BOTTOM
Peter Quince!

QUINCE
What sayest thou, Bully Bottom?

BOTTOM
There are things in this comedy of Pyramus and
Thisbe that will never please. First, Pyramus must draw
a sword to kill himself, which the ladies cannot abide.
How answer you that?

SNOUT
By 'r lakin, a parlous fear!

STARVELING
I believe we must leave the killing out,
when all is done.

BOTTOM
Not a whit. I have a device to make all well.
Write me a prologue, and let the prologue seem to say
we will do no harm with our swords, and that Pyramus
is not killed indeed; and for the more better assurance,
tell them that I, Pyramus, am not Pyramus, but Bottom
the weaver. This will put them out of fear.

QUINCE
Well, we will have such a prologue; and it shall
be written in eight and six.

BOTTOM
No, make it two more: let it be written in eight
and eight.

SNOUT
Will not the ladies be afeard of the lion?

STARVELING
I fear it, I promise you.

BOTTOM
Masters, you ought to consider with yourself, to
bring in – God shield us – a lion among ladies is a most
dreadful thing; for there is not a more fearful wildfowl
than your lion living; and we ought look to't.

SNOUT
Therefore another prologue must tell he is not a
lion.

BOTTOM
Nay, you must name his name, and half his face
must be seen through the lion's neck, and he himself
must speak through, saying thus, or to the same defect:
‘ Ladies ’, or ‘ Fair ladies – I would wish you ’, or ‘ I would
request you ’, or ‘ I would entreat you – not to fear, not to
tremble. My life for yours: if you think I come hither
as a lion, it were pity of my life. No. I am no such
thing. I am a man, as other men are ’ – and there indeed
let him name his name, and tell them plainly he is Snug
the joiner.

QUINCE
Well, it shall be so. But there is two hard things:
that is, to bring the moonlight into a chamber – for, you
know, Pyramus and Thisbe meet by moonlight.

SNOUT
Doth the moon shine that night we play our play?

BOTTOM
A calendar, a calendar! Look in the almanac –
find out moonshine, find out moonshine!

QUINCE
Yes, it doth shine that night.

BOTTOM
Why, then, may you leave a casement of the
Great Chamber window – where we play – open, and
the moon may shine in at the casement.

QUINCE
Ay; or else one must come in with a bush of
thorns and a lantern, and say he comes to disfigure or to
present the person of Moonshine. Then there is another
thing. We must have a wall in the Great Chamber; for
Pyramus and Thisbe, says the story, did talk through the
chink of a wall.

SNOUT
You can never bring in a wall. What say you,
Bottom?

BOTTOM
Some man or other must present Wall; and let
him have some plaster, or some loam, or some roughcast
about him to signify Wall; and let him hold his fingers
thus, and through that cranny shall Pyramus and Thisbe
whisper.

QUINCE
If that may be, then all is well. Come, sit down
every mother's son, and rehearse your parts. Pyramus,
you begin. When you have spoken your speech, enter
into that brake; and so everyone according to his cue.
Enter Puck

PUCK
What hempen homespuns have we swaggering here
So near the cradle of the Fairy Queen?
What, a play toward! I'll be an auditor –
An actor too, perhaps, if I see cause.

QUINCE
Speak, Pyramus! Thisbe, stand forth!

BOTTOM as Pyramus
Thisbe, the flowers of odious savours sweet –

QUINCE
Odours – odours!

BOTTOM as Pyramus
...odours savours sweet.
So hath thy breath, my dearest Thisbe dear.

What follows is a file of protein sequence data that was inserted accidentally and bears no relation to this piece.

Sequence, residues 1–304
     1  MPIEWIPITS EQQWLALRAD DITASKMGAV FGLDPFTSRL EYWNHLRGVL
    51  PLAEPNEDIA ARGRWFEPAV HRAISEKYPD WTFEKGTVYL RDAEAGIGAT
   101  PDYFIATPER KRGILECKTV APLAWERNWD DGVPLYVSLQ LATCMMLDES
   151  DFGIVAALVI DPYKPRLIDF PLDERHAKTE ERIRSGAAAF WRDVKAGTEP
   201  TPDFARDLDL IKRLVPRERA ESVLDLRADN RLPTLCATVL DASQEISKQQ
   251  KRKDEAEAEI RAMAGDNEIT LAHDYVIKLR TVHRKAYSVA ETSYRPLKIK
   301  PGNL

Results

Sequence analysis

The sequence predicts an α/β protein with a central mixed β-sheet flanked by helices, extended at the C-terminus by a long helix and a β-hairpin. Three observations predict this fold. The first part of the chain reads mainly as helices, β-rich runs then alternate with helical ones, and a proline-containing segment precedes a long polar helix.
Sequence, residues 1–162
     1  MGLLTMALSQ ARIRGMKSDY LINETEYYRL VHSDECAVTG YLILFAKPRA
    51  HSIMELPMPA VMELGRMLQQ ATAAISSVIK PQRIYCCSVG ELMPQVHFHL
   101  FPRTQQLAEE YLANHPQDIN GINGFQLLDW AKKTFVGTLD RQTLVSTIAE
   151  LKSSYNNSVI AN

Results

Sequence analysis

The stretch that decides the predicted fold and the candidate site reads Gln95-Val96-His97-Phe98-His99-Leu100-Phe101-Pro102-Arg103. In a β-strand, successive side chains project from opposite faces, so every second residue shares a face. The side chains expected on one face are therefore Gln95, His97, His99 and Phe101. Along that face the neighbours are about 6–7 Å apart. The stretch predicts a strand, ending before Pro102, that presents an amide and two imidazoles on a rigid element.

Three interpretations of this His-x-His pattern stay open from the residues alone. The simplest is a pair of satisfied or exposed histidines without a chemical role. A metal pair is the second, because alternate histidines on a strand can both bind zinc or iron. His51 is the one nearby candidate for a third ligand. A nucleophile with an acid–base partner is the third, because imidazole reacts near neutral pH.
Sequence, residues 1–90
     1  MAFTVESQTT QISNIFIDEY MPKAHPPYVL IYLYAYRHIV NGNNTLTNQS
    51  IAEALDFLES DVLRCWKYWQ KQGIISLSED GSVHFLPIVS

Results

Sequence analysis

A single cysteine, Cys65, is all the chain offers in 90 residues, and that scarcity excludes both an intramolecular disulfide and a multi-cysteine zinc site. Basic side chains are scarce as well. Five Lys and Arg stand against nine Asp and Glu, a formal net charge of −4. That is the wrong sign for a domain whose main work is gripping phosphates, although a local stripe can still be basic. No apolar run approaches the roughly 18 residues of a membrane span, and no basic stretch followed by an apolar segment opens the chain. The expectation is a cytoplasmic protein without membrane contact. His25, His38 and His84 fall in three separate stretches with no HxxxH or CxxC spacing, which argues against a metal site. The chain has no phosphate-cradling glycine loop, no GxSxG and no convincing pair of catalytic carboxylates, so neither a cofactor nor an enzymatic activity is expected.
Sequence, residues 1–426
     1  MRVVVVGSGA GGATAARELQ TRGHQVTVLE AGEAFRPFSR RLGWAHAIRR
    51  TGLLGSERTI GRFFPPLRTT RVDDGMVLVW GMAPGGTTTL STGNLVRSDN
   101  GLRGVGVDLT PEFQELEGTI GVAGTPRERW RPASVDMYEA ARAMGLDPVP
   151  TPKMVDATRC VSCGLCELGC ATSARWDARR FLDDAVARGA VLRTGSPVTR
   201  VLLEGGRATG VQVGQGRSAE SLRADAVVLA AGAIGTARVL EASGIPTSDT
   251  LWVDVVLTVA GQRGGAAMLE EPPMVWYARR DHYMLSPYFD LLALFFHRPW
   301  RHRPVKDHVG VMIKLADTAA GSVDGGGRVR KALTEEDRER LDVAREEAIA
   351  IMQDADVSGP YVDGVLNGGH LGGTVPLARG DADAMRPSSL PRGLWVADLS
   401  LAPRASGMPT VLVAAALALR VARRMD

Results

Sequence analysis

But hark, a voice. Stay thou but here awhile,
And by and by I will to thee appear.
Exit

PUCK
A stranger Pyramus than e'er played here.
Exit

FLUTE
Must I speak now?

QUINCE
Ay, marry must you; for you must understand he
goes but to see a noise that he heard, and is to come
again.

FLUTE as Thisbe
Most radiant Pyramus, most lily-white of hue,
Of colour like the red rose on triumphant briar,
Most brisky juvenal, and eke most lovely Jew,
As true as truest horse that yet would never tire,
I'll meet thee, Pyramus, at Ninny's tomb –

QUINCE
‘ Ninus' tomb ’, man! – Why, you must not speak
that yet. That you answer to Pyramus. You speak all
your part at once, cues and all. Pyramus, enter – your
cue is past. It is ‘ never tire.’

FLUTE
O!
( as Thisbe)
As true as truest horse, that yet would never tire.
Enter Puck, and Bottom with an ass's head

BOTTOM as Pyramus
If I were fair, fair Thisbe, I were only thine.

QUINCE
O monstrous! O strange! We are haunted! Pray,
masters! Fly, masters! Help!
Exeunt Quince, Snug, Flute, Snout, and Starveling

PUCK
I'll follow you, I'll lead you about a round,
Thorough bog, thorough bush, thorough brake, thorough briar,
Sometime a horse I'll be, sometime a hound,
A hog, a headless bear, sometime a fire,
And neigh, and bark, and grunt and roar and burn
Like horse, hound, hog, bear, fire at every turn.
Exit

BOTTOM
Why do they run away? This is a knavery of
them to make me afeard.
Enter Snout

SNOUT
O Bottom, thou art changed. What do I see on
thee?

BOTTOM
What do you see? You see an ass head of your
own, do you?
Exit Snout
Enter Quince

QUINCE
Bless thee, Bottom! Bless thee! Thou art
translated!
Exit

BOTTOM
I see their knavery! This is to make an ass of me,
to fright me, if they could; but I will not stir from this
place, do what they can. I will walk up and down here,
and I will sing, that they shall hear I am not afraid.
(sings) The ousel cock so black of hue,
With orange-tawny bill,
The throstle with his note so true,
The wren with little quill.

TITANIA
(wakes)
What angel wakes me from my flowery bed?

BOTTOM
(sings)
The finch, the sparrow, and the lark,
The plainsong cuckoo grey,
Whose note full many a man doth mark
And dares not answer ‘ Nay ’
– for, indeed, who would set his wit to so foolish a bird?
Who would give a bird the lie, though he cry ‘ cuckoo ’
never so?

TITANIA
I pray thee, gentle mortal, sing again!
Mine ear is much enamoured of thy note.
So is mine eye enthralled to thy shape,